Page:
Moving to an alternate cost estimation model also brings changes to the structure of family copayments. As of January 2023, the updated copayment structure will help reduce the burden on families by setting the maximum fees for monthly family copayments to not exceed seven percent of family income. Families earning less than the poverty level (who currently make up 43% of children enrolled) would not pay a fee under the proposed changes. Families at 100-200percent of Federal Poverty Level would pay $60 per month in comparison to the $135-185/month under the current structure.
Virginia’s road to reforming the way it funds its child care system— even with a divided state government— is built on having a strong coalition of advocates, the support of child care champions in the legislature, and a state agency willing to think innovatively. Moving away from the market rate survey and using the new cost model analysis will help Virginia’s child care sector achieve financial sustainability, while reducing costs for families.
Adopt equitable, robust, stable, and durable revenue-generating policies that infuse significant, additional public investment into the system.
A transformative child care system that helps all providers, educators, families, and children thrive requires substantial infusion of public funding. The ECE field has long known this. The pandemic made it impossible for advocates, practitioners, and families to stay silent on this issue.
Louisiana passed legislation in 2021 to dedicate 50 percent of the revenues from the NBA Pelicans specialty license plate and 25 percent of sports betting revenue (up to $20 million) to the state’s Early Childhood Education Fund, which provides matching dollars for localities that invest in early care and education.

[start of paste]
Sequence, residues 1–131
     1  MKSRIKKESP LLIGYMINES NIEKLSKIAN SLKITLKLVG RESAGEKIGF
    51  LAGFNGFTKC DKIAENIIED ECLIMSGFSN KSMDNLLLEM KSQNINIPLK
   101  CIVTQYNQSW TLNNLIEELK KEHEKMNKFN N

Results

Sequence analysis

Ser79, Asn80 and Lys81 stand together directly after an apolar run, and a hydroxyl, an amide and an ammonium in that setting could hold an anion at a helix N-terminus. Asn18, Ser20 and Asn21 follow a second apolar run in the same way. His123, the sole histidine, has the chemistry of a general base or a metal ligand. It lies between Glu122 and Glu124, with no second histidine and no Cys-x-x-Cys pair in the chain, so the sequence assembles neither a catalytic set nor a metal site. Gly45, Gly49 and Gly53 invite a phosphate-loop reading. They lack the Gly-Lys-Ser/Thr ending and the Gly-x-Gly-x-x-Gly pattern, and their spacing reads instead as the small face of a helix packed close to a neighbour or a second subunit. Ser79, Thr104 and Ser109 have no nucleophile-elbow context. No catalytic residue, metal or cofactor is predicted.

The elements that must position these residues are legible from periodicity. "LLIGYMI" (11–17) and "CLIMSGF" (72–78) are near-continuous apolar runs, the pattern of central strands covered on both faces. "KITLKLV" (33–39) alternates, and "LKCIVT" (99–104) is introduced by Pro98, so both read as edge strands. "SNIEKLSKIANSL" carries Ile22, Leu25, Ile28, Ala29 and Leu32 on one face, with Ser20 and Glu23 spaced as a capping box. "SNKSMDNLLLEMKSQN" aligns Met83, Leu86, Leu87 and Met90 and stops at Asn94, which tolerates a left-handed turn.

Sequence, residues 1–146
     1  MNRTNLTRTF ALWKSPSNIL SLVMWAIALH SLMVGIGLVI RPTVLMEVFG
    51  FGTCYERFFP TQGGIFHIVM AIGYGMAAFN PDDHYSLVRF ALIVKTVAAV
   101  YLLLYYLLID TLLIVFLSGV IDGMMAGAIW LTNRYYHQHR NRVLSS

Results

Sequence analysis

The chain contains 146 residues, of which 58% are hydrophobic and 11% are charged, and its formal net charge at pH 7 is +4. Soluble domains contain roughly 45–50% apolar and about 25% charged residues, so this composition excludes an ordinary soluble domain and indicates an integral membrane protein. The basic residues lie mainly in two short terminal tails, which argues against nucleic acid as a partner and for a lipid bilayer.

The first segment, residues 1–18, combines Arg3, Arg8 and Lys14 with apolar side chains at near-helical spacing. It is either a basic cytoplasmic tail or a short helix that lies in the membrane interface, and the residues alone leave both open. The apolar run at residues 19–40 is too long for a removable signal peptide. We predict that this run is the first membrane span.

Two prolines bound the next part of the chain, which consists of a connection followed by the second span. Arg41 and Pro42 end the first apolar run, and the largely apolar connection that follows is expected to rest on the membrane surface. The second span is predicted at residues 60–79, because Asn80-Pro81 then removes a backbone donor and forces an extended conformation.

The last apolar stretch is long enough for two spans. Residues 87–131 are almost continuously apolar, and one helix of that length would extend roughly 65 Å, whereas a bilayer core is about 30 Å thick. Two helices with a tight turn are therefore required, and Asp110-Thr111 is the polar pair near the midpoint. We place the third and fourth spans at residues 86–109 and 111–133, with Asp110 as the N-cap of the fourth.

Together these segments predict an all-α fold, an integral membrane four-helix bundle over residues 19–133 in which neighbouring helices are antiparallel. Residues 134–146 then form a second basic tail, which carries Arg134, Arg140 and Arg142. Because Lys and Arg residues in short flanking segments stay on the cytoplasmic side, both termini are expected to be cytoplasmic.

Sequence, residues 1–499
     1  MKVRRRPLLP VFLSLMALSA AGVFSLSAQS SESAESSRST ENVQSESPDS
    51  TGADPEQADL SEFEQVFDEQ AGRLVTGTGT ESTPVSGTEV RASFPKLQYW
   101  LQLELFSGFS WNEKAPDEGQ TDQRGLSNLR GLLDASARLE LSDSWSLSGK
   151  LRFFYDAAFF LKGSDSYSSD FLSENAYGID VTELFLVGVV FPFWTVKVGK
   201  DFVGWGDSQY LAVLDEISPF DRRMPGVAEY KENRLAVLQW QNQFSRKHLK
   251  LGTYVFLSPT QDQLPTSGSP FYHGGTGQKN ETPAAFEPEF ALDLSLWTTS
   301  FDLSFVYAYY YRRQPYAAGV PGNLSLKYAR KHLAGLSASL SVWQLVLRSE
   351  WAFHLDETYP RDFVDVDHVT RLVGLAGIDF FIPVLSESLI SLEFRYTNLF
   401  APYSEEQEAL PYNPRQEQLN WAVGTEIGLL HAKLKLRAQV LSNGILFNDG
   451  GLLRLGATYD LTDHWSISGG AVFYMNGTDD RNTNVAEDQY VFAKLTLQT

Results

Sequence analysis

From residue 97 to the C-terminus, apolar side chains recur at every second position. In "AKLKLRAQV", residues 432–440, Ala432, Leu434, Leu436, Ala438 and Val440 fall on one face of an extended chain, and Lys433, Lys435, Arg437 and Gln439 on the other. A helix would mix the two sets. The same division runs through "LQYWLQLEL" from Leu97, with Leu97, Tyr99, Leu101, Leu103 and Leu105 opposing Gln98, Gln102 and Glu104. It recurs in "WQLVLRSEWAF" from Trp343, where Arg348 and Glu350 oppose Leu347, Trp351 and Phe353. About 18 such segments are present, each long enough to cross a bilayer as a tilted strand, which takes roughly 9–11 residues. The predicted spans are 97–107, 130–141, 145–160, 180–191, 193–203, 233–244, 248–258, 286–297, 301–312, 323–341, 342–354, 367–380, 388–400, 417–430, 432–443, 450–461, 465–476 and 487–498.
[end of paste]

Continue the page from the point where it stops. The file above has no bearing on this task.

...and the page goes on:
In New Mexico, voters supported a ballot initiative in 2022 that amended the state constitution to distribute an additional 1.25 percent annually from the state’s Land Grant Permanent Fund, with 60 percent of that increase dedicated to early childhood education. The state estimates an additional $140 million to fund ECE programs in 2023.
Vermont enacted a .44 percent payroll tax in 2023 to fund new child care investments that will increase reimbursement rates to providers and make child care more accessible by expanding eligibility and waiving copays for families with incomes up to 175 percent of federal poverty guidelines.
In 2021, Washington State created a new capital gains tax, with a portion of the revenue dedicated to ECE. It was challenged on the basis that the state does not allow an income tax. In 2023, the state Supreme Court ruled that the tax is constitutional. This funding will support the main provisions from the 2021 Fair Start for Kids legislation around workforce support and expansion, increasing affordability for families, and adding infant and toddler care support.